This era is named after the technological innovation of bronze, an alloy of copper and tin. However, in Jordan, pure copper is still used till around 2000 BC, together with flint tools. It is only during the Middle Bronze Age that the alloy of metal starts spreading. Nevertheless, due to social, architectural, technological, political and religious features, this period effectively starts in the middle of the 4th millennium.
It is in the area of modern Iraq that the first cities develop in the early 4th millennium, therefore long before the phenomenon appears in the Near East. Concerning our area, we generally estimate that the Bronze Age starts around 3200 BC but at the light of new discoveries the date of transition between the Chalcolithic and the Bronze Age may be earlier (3500 or even 3600 BC) depending on the region and sites. This period is divided into three main phases (Early Bronze I 3200 - 2250 BC and Early Bronze II 2250 - 1900 BC / Middle Bronze 1900 - 1550 BC / Late Bronze 1550 - 1200 BC), with periods of urban development and periods of return back to nomadic lifestyle. From the agro-pastoral villages of the Chalcolithic period, we pass, in some cases at least, to small fortified towns, which may have served as administrative centres for a whole area. Those "cities" are self-sufficient, with a surrounding countryside related to them. On some sites, we can clearly see central structures identified as temples as well as authority headquarters and storing places, as for example in Tell Zeirakoun, in the north of Jordan. The building structures of this period are massive and impressing. This new urban civilization is associated with Canaanite culture. It raises in parallel with the First Dynasty in Egypt.
The Bronze Age is marked by the organization of the space and the domination of the Man over an environment that he controls better and better. Many terracing works and water canalizations are built at that period. The Man manages to cleverly take advantage of his environment and climate conditions, skilfully passing from the agriculture to the nomadism and vice versa when it is necessary.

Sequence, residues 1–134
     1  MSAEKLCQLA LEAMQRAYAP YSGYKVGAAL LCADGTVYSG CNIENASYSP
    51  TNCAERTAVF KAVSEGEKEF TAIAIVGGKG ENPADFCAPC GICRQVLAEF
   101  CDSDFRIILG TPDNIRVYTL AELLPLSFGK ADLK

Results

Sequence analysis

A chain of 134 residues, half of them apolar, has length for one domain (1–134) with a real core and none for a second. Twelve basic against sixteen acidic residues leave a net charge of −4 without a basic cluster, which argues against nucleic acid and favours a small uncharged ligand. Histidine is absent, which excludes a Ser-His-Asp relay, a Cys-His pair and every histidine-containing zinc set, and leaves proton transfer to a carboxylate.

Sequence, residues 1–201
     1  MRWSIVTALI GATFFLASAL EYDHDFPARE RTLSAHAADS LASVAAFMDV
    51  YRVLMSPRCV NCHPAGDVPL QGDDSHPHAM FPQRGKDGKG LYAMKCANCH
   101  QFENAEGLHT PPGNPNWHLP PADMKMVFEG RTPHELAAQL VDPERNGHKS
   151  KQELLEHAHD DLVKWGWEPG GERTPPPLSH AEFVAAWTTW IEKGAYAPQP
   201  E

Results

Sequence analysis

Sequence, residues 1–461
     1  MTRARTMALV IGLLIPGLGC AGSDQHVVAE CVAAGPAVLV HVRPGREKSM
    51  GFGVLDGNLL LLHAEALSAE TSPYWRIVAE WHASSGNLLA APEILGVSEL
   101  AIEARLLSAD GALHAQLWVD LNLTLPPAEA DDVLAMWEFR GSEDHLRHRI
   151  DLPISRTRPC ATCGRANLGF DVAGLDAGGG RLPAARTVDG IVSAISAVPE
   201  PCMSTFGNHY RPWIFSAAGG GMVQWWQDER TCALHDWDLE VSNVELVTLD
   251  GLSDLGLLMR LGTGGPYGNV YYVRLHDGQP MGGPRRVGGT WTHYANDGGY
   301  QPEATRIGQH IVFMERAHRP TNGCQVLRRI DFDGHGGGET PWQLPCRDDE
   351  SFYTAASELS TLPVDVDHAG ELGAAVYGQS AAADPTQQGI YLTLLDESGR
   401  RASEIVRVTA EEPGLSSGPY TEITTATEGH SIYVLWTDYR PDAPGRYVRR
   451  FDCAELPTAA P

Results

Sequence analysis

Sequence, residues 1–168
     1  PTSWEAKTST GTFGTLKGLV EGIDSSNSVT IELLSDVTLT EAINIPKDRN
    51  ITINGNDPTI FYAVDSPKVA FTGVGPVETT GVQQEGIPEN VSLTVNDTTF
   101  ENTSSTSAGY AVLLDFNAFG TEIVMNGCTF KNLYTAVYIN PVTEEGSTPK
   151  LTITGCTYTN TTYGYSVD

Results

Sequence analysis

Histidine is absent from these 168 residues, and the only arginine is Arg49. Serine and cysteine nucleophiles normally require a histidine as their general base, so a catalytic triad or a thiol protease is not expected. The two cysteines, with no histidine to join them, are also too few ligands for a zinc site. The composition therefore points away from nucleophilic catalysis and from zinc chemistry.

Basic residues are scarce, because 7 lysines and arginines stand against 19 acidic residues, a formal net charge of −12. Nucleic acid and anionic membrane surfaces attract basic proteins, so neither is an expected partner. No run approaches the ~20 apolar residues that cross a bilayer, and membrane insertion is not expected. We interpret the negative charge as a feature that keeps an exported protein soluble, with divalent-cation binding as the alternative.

Jawa, in the North-East of Jordan, is an example of this progression, although, as other fortified settlements of the Eastern Desert, the first occupations date back before the Bronze age, to a time where the settlements in the Jordan Valley were still small villages (Chalcolithic). In Jawa, we can clearly see the fortifications and the central building erected on two floors, in the middle of the "city". Jawa is also an exceptional site due to its mastery of the hydraulic systems. The surveys on other fortified settlements in the Easter Desert may suggest that the organization of communities in structured towns is a phenomenon that progressively moved from East to West. (left: view of the central building of Jawa / right: gate of Jawa)
The site of Bab El Dhra, in the South of the Dead Sea, provides an exceptional study field, especially due to the several burial modes that have been discovered there. Different types of tombs are matching to different lifestyles: during the periods where the population was mostly nomadic, the defuncts were buried in underground rooms, which could be reached through a pit. The bodies were dis-articulated and the bones carefully classified following their types. During the period where the population has developed sedentary lifestyle, the deceased were buried in charnel-houses, where complete bodies were deposited together (below drawings). The studies of Bab El Dhra have provided a lot of interesting testimonies about the Bronze Age concerning the trade and technological exchanges.
This period is also characterized by great technological advances: The potter’s wheel is fully integrated, we notice the introduction of the chariot, the bronze weapons (therefore also the first armed invasions), and the writing system. All those progresses arrive from Mesopotamia through the Fertile Crescent or, maybe, more directly from the routes crossing the Eastern Desert. The trade exchanges are intensive in the whole area and we can find on the sites a blend of objects coming from Egypt, Mycenae (photo below: Mycenaean pottery) Mesopotamia…
Regarding this period, we can visit Pella, in the North of Jordan. Pella is the site which shows the longest uninterrupted occupation in the world, from the Palaeolithic till the Ottoman period. At the Bronze Age, it was a very active trade centre. To the end of the Bronze Age, at the time when the area was under Egyptian dominance, is dated back an impressive building which was first interpreted by the scholars as the residence of the local elite, but could rather be a religious center. The excavation is impressive.